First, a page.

Reducing Emissions from the Transport Sector: Still a Forgotten Issue in Global Negotiations?

Guest post by Paula Perez Muleiro, European TK’Blue Agency

Transport represents 26 percent of global CO2 emissions, and this sector is one of the few where emissions are still growing. Last May, at the International Transport Forum in Leipzig, the United Nations Secretary Ban Ki-moon asked transport ministers from around the globe to intensify their efforts in the fight against climate change and to find greener solutions to prevent climate change.

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Delegates at the opening session of the COP17 climate talks in Durban, South Africa, in December 2011. Photo: Nic Bothma/EPA

Despite its importance, transport has been marginalized in every climate agreement, with no objective measurement of its global environmental footprint. An adequate carbon policy is required to drive energy efficiency and a shift to lower carbon fuels is required to deliver an ambitious EU 2030 climate strategy. However, it is not only about CO2: transport also generates a lot of negative externalities, such as noise, congestion, and pollution.

Bearing this in mind, a coherent and deep discussion on sustainable transport is essential. Understanding this issue from the perspective of the European Union may give us a broader political context. According to the European Environment Agency (EEA), the emissions from transport constitute the second largest source of greenhouse gases in the EU. The principal contributors to greenhouse gas emissions from transport sector are car use, road freight and aviation. As the European Environment Agency states:

“Transport accounts for around a third of all final energy consumption in the EEA member countries and for more than a fifth of greenhouse gas emissions. It is also responsible for a large share of urban air pollution as well as noise nuisance. Furthermore, transport has a serious impact on the landscape because it divides natural areas into small patches with serious consequences for animals and plants.” (Source: EEA)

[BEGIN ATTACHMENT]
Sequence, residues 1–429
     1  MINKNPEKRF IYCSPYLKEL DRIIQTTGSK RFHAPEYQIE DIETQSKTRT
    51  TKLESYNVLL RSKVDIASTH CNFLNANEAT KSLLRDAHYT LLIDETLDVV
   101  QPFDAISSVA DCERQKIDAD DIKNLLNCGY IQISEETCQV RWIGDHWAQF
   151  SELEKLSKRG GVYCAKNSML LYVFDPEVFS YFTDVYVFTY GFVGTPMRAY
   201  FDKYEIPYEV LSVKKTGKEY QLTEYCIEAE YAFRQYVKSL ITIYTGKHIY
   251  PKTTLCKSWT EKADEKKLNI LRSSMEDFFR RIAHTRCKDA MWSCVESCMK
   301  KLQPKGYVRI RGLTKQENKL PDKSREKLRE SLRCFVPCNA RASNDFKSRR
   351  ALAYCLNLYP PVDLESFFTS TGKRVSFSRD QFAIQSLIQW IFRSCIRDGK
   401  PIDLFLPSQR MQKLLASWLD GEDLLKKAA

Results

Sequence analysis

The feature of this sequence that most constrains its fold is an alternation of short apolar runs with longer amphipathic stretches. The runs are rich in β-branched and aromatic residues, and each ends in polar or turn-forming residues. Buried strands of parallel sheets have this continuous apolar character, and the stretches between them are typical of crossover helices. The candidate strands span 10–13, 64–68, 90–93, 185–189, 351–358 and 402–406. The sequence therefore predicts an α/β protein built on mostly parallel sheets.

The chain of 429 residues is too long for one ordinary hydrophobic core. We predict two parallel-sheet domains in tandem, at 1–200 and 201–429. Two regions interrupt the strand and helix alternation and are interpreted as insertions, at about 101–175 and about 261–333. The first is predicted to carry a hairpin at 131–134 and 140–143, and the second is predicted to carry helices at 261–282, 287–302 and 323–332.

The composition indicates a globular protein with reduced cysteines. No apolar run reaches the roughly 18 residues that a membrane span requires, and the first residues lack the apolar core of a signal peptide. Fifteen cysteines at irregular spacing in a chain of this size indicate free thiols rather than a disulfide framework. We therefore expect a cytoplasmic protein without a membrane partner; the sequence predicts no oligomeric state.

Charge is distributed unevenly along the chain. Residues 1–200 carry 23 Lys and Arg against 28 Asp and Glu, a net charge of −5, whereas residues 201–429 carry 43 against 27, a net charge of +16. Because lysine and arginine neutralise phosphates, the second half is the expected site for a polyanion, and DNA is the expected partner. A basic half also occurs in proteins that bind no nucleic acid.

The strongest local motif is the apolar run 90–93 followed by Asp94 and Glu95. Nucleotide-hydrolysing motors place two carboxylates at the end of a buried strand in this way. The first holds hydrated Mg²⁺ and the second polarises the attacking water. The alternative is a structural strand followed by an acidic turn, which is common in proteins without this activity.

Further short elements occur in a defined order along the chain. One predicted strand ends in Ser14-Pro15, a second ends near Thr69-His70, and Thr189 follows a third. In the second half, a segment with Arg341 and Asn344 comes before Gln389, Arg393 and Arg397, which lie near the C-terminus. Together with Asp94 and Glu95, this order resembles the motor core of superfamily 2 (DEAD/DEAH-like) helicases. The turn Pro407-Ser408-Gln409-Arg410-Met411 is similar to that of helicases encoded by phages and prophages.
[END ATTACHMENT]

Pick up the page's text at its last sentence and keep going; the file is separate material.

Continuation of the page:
Existing policies that deal with emissions from the transport sector go some way to meeting reduction targets, even though they are still not enough to meet 2020 and 2030 targets. Until now, taxation measures (for example, the fuel tax) have been one of the most recurrent measures to reduce emissions. Some policy makers argue that existing transport policies seem to have a positive impact on reducing emissions. According to this vision, the solution is to continue developing specific regulation concerning transport (for example, by increasing fuel efficiency standards). However, organizations such as the World Wildlife Fund (WWF) foresee some negative impacts: “the problems on allocation and ownership of emissions, market distortions and price impacts, the unlikely direct emissions reductions in the transport sector” (WWF, 2008).

Taxation measures can be only a short-term solution. Fuel taxes depend on oil prices. Therefore, while the inclusion of transport in global negotiations may be more expensive in the short term, it will be more effective in reducing emissions. This advantage has been frequently overlooked in the debates. As the policy becomes advantageous only in the long-term, it has been rejected in all global negotiations.

However, the marginalization of transport in climate change negotiations seems to be changing. Reducing carbon-heavy transport is increasingly discussed as the COP21 approaches. Pressure is growing to tackle climate change with transport policies, and the transport sector represents a great opportunity for reducing emissions. Nevertheless, the diverse stakeholders and issues make this a complex issue, with no simple solution.